Mounting evidence indicates that pain can motivate cigarette smoking behavior, smokers have reliably endorsed the use of tobacco to cope with pain, and there is reason to suspect that pain may impede smoking cessation. Smoking-related outcome expectancies are among the best predictors of cigarette consumption and relapse, and the goal of this pilot study was to develop a standardized measure of how tobacco smokers perceive their pain and smoking behavior to be interrelated (i.e. pain as a motivator of smoking, expectancies for smoking as a means of coping with pain, and pain as a barrier to quitting). Participants (N = 75) completed an online survey that was designed to assess interrelations between pain and tobacco smoking. The nine-item Pain and Smoking Inventory (PSI) demonstrated excellent internal consistency (α = .95). As expected, PSI scores were higher among smokers with chronic pain (vs. no pain), and were positively associated with established indices of both pain and tobacco smoking dependence. These results corroborate the notion that smokers can effectively communicate perceptions of interrelations between their pain and smoking behavior. Future research is needed to establish reliability and validity of the PSI among larger, more diverse samples of smokers with varying levels of pain. Future work should also examine PSI scores as predictors of smoking cessation outcomes, and whether PSI data may usefully inform the development of tailored interventions for smokers in pain.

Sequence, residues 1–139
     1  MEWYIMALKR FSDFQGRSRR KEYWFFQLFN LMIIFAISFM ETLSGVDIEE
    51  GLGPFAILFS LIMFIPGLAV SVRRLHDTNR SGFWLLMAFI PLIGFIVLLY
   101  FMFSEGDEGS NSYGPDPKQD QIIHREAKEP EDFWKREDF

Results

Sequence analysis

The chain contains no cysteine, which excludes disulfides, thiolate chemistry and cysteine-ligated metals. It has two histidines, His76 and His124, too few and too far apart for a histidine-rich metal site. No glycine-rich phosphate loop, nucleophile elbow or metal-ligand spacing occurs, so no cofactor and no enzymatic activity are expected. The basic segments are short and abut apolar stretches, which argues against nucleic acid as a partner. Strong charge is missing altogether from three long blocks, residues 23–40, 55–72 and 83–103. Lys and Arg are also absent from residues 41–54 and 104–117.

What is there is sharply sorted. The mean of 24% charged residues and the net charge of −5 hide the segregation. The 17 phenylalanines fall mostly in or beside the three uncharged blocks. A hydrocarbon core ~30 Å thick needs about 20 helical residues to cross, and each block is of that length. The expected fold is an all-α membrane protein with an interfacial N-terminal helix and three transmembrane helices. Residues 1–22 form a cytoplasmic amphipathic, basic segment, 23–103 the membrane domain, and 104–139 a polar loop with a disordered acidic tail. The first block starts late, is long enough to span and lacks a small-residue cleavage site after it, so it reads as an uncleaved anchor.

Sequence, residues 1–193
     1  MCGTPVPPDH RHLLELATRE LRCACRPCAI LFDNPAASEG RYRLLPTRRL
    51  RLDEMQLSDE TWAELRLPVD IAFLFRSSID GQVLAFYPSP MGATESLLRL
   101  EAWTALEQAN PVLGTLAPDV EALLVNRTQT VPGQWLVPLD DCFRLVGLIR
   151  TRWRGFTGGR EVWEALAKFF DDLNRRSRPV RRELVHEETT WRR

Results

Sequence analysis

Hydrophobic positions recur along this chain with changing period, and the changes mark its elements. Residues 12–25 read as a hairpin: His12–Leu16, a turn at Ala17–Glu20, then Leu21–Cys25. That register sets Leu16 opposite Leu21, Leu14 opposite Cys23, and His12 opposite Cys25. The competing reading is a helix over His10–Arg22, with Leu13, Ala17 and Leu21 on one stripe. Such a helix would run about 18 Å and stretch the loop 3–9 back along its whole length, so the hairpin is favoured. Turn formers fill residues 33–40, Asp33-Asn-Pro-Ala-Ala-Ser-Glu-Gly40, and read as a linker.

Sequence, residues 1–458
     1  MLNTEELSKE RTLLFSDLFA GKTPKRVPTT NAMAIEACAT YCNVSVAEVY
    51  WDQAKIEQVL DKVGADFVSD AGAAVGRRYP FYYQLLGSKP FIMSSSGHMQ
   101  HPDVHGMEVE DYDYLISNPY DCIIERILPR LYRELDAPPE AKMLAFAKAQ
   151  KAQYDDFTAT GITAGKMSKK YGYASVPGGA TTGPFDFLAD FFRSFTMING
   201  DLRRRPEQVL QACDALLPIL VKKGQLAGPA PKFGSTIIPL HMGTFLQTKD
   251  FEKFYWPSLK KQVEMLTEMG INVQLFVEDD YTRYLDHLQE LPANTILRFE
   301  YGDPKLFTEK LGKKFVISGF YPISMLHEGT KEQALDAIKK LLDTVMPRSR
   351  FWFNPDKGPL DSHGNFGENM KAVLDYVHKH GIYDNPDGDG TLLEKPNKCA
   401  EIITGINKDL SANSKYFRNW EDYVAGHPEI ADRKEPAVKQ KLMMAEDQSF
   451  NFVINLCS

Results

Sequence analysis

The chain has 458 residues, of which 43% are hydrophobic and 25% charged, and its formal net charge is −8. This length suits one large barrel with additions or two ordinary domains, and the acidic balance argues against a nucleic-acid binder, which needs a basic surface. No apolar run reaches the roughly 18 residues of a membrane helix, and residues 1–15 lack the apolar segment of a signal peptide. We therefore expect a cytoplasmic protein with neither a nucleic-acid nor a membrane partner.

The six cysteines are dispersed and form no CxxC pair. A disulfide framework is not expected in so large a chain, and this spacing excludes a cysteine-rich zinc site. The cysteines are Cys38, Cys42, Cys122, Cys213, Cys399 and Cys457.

ASJC Scopus subject areas
- Clinical Psychology